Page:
Chapter 3
Validation
In many textbooks author will say something like &The waiting times between
buses arriving at a bus stop follows from an exponential distribution±. But.
..How
do we know this is true? It²s all good and well to say that a set of data follows a
particular distribution, but how do we show that it does? As in most statistical
tests, we cannot directly prove something to be true.
It is important to remember that hypothesis tests are not conclusive. They
test to see if a particular trend is present given both the data and a margin of
error. So how can we determine what distribution to use in modeling, knowing
that we will never e/ectively be able to prove that a particular set of data has
a given distribution? Consider the following set of completely random data.
Data Point
Value
1
1
4
2
1
2
3
3
4
4
1
Pretend that it isn²t painfully obvious that this data seems to follow a uni
form distribution with parameters (0,1). How can we examine the data in such
a way that we can pick a distribution that seems to ³t? The best solution is to
graph it and compare it to known distributions.
What is meant by the
Empircal CDF
? It is a cumulative distribution func
tion, which is determined entirely by the data set that it represents. Notice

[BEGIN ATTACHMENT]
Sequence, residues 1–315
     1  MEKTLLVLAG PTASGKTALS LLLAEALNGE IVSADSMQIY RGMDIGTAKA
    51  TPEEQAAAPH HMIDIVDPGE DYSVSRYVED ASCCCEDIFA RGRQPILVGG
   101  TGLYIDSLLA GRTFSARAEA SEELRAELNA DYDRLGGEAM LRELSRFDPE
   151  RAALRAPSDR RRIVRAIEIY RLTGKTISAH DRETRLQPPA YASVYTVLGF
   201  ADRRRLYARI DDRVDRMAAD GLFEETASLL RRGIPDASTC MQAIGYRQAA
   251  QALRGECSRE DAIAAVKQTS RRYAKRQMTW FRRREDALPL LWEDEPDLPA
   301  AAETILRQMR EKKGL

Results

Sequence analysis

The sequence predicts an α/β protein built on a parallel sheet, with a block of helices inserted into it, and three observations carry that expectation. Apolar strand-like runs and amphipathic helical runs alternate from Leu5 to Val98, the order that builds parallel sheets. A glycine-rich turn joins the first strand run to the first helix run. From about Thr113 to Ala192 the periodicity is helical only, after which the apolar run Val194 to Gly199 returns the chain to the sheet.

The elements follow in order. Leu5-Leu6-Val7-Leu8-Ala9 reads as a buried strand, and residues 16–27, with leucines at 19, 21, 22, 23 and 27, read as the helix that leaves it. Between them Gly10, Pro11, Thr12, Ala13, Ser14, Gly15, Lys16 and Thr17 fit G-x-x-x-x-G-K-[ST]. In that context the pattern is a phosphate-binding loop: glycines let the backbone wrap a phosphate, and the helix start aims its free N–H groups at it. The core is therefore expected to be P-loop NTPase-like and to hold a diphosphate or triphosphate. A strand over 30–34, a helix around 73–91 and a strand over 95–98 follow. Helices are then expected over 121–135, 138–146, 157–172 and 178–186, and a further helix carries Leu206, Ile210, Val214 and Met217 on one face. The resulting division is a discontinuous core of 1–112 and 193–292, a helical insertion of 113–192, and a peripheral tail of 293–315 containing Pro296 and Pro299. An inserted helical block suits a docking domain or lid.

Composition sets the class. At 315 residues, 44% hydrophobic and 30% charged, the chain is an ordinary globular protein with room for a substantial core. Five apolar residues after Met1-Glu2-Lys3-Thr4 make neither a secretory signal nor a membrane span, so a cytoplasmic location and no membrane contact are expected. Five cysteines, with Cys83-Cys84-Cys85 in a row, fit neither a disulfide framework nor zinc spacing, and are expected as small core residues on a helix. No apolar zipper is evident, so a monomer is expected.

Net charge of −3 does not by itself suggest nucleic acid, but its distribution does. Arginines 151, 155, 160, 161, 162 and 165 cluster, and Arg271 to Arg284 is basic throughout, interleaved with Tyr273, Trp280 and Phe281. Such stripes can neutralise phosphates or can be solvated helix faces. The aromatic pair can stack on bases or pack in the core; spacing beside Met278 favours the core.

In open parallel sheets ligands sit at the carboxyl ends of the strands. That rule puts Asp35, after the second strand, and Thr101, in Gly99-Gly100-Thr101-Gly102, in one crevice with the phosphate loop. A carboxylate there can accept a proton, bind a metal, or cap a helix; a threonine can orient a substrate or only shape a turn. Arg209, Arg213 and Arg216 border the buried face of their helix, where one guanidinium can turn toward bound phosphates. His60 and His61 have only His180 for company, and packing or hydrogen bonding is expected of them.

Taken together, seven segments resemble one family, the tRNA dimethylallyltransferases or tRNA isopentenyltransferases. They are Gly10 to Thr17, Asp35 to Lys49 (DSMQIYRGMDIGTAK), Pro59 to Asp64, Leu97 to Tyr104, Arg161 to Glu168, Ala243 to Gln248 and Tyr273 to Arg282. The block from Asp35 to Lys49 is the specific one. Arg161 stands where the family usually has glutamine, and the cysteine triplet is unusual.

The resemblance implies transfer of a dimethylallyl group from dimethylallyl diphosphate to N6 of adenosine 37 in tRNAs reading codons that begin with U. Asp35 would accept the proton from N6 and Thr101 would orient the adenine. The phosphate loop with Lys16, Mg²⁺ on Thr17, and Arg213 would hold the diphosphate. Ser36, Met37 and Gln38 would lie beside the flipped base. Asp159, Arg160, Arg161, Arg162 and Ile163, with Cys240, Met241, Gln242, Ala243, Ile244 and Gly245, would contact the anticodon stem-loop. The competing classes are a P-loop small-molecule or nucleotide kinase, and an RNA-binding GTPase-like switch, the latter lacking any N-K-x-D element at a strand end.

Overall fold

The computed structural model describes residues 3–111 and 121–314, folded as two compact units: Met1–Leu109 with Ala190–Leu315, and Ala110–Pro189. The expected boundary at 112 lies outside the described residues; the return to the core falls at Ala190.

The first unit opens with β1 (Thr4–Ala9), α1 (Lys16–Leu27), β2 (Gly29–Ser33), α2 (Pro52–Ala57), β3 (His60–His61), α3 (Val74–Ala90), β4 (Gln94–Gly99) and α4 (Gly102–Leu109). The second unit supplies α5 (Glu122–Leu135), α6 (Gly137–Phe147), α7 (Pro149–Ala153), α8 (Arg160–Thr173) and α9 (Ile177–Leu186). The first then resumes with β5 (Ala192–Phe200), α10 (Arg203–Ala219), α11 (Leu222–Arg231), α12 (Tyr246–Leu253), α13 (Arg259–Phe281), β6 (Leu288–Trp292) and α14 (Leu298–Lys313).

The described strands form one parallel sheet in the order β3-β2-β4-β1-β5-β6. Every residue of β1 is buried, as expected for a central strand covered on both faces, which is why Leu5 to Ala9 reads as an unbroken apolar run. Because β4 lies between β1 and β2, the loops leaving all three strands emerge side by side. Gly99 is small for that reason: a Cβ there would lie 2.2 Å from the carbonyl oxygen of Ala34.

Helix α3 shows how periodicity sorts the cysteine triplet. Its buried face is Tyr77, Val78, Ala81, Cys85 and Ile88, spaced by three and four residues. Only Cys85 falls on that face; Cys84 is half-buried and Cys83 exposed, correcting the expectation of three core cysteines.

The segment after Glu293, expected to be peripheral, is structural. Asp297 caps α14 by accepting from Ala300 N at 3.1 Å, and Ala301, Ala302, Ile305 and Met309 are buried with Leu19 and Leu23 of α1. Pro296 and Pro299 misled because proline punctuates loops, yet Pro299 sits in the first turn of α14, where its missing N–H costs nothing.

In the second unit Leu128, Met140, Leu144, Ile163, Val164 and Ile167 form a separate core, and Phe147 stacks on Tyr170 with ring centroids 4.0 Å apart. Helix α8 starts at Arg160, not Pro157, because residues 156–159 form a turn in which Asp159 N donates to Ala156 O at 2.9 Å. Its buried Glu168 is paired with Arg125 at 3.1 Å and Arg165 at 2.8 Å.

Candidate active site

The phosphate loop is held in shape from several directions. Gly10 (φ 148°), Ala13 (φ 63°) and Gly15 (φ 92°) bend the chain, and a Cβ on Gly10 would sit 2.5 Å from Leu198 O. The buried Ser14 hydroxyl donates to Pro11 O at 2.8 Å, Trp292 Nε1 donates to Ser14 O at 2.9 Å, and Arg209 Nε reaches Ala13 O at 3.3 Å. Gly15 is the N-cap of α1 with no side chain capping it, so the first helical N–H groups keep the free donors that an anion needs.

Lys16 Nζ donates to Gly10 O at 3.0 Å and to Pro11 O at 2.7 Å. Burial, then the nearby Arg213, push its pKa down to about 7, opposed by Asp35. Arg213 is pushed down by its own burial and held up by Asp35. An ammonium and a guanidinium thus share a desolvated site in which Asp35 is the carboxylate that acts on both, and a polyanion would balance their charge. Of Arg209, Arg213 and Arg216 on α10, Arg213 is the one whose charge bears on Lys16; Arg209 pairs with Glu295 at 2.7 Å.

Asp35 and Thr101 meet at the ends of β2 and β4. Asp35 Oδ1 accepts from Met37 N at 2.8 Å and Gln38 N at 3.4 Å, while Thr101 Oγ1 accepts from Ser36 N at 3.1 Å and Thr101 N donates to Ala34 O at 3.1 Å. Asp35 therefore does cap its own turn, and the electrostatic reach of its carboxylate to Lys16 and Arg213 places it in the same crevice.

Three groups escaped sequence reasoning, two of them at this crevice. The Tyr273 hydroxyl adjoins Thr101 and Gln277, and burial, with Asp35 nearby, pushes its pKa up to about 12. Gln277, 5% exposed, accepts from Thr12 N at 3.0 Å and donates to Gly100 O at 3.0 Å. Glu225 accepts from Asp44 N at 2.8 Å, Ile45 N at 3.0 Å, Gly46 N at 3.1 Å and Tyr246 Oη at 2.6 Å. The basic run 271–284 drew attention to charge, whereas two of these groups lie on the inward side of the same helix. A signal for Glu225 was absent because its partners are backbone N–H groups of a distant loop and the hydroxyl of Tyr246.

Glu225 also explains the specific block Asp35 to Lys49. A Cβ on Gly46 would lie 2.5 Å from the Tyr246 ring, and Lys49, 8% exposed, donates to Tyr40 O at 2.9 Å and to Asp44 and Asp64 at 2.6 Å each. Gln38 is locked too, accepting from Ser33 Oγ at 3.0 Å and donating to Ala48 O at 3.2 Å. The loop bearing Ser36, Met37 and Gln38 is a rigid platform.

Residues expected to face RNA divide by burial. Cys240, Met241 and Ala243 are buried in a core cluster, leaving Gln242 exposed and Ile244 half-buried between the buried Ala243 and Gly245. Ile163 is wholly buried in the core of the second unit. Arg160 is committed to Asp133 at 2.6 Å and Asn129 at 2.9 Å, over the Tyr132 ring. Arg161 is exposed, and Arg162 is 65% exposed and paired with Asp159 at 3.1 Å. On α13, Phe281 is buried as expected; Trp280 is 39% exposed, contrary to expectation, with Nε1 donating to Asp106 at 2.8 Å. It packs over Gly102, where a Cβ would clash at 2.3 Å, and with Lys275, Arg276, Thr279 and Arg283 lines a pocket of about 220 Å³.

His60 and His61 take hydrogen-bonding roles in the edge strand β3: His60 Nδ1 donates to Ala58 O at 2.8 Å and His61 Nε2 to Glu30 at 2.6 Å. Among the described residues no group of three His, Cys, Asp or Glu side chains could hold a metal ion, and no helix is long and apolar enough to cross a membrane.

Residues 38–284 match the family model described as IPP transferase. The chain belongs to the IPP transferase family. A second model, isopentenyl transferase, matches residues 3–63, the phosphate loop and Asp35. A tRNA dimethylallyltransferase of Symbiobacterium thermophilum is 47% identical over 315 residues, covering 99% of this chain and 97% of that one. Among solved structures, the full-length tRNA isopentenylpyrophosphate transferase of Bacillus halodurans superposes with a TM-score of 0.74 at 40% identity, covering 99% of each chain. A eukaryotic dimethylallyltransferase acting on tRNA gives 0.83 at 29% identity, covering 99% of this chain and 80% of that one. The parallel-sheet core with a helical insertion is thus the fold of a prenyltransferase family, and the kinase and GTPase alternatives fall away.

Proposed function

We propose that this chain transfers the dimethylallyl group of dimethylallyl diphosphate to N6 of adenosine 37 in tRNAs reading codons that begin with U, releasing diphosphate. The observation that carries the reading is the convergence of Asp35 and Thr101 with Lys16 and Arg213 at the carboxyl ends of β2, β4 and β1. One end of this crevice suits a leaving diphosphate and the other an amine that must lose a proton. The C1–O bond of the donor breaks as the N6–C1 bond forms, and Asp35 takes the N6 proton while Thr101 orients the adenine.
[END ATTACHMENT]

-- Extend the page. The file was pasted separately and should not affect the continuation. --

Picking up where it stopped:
that it is a step function taking values from 0 to 1. Even though we cannot
strictly prove that this is a Uniform(0,1) distribution, we can show that it likely
that it is. Given su¢ ciently many data points and a small enough margin of
error it becomes more reasonable to use certain models despite not necessarily
being the &right±one. There are two major tests that we have available for our
data. One assumes that our data is discrete and one assumes that the data is
continuous.
1
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&
2
Test for Goodness of Fit
For discrete models we can use the
&
2
Test for Goodness of Fit (sometimes
referred to as the
Pearson&s
&
2
Test
. If we have data which can be categorized
(into groups called
bins
), then we can use this test to compare a theoretical
distribution to that of a set of data. Consider the following example to illustrate
the concept of what a bin is, among other aspects of the test.
A study is shown which compares two subgroups of a population (males
and females) and looks at whether or not the members of that population are
currently engulfed in &ames. The surveying team found 351 participants and
recorded the following data:
Males
Females
Total
On Fire
104
73
137
Not on Fire
89
85
174
Total
193
158
351
The interest of this study is to determine whether or not being on ±re is
independent of one²s sex. Recall for hypothesis tests that it is common to
assume that something is true and the see the probability of that given the
data. For this experiment, we assume that the two are independent. Let the
Null Hypothesis be that these two are independent, and let the Alternative
Hypothesis be that sex and being on ±re are not independent.
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 Winter '12
 RILEY
 Normal Distribution, Null hypothesis, Statistical hypothesis testing, Cumulative distribution function, CDF

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